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Pelzer plant could start redevelopment

Local leaders are hoping a new plant announced last week is just the start of a revitalization of eastern Thomson.

Pelzer Acoustic Products, LLC, will move into the old C-Board building along O'Neal Street in Thomson.

Pelzer Acoustics is a sister company to HP Pelzer, which has called Thomson home since 1997. The new plant will take waste material from the HP Pelzer plant and mold it into air filters for vehicles like the Ford F-150 pickup.

Officials hope work will begin in the building this month and the plant will open in March with 35 or so employees.

"The Thomson Company and those buildings have meant much to our community since the early 30s, and it's just really refreshing to see someone be able to use those buildings to make them productive again," said Industrial Development Authority Chairman Riley Stamey.

Former 33-year Thomson Company employee Vernon Johnson is glad to see that the building where he spent most of his working life will be productive once again.

"Of course obviously I'm delighted that someone is coming in," he said. "(The Thomson Company plant) means the best years of my life."

Local officials think the move is evidence that McDuffie County is industry friendly, a point they hope other companies catch on to.

"This is a good indication that the (Pelzer) company is happy in this community. It thinks well of the employment base here," Mr. Stamey said. "For us here in Thomson and McDuffie County, we've got a lot to look forward to because we've got some positive things happening."

Dean Youngblood, the plant manager of the current H.P. Pelzer facility in Thomson would not comment on the company's move in a phone interview Tuesday.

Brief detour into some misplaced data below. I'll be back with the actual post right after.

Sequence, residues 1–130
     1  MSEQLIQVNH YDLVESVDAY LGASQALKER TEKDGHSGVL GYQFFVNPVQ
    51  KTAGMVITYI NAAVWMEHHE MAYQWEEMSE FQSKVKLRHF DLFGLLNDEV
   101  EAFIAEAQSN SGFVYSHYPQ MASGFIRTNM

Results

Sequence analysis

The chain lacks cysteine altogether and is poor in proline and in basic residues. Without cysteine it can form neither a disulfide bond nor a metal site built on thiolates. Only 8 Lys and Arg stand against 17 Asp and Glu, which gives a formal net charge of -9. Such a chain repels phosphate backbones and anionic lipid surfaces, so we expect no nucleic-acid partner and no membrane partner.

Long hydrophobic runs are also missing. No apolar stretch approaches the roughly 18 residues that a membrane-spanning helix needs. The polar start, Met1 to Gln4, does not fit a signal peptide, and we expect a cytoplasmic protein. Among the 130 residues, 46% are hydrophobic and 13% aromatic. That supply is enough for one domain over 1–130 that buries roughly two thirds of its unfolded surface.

City and county officials met last week to agree to loan Pelzer officials $400,000 -- $175,000 from a revolving development loan fund administered by the county and $225,000 from a similar account administered by the local development authority.

Also, the city and county will jointly file for an additional $340,000 state loan for the company.

"These people are serious and they are ready to go," said County Commission Chairman Charlie Newton.

Officials hope the new plant will help jump start a renaissance along Railroad Street, Greenway Street and other points east of Main Street and around the old Thomson Company complex.

"This is the seed we want in that area," said Forward McDuffie Executive Director Don Powers. "When we get a factory up and running there, people will look at that area differently."

To that end, local leaders are considering creating a "redevelopment zone" around Thomson Company, Railroad and Greenway streets. They want to focus on cleaning the area up, and plan to apply for a state Community Development Block Grant to help pay for the work.

The work would also tie in with a recent transportation grant the city received to revamp Main Street with new lights, repair sidewalks and renovate pedestrian crossings.

The end result -- officials hope -- is a more attractive town, not only aesthetically, but also to companies that may want to locate here.

Mr. Powers said McDuffie County beat out South Carolina and Augusta for the acoustics plant. He said the deal was sealed because of the local relationship with the HP Pelzer plant.

While the acoustics plant fills one of the old Thomson Company buildings, officials are deciding what to do with the other.

They are working on a plan they'll submit to Georgia's Environmental Protection Division for cleaning up some contamination -- things like oil and gas in some of the soil, along with stacks of carpet remnants -- at the oldest building, but they caution that it's still early in the process. Officials think the contamination isn't all that bad, but want to do a comprehensive study first to make sure.

"If we're looking at a huge problem, we can just say 'No,'" Mr. Newton said.

Staff Writer Kristopher Wells contributed to this story.



Web posted on Thursday, December 16, 2004











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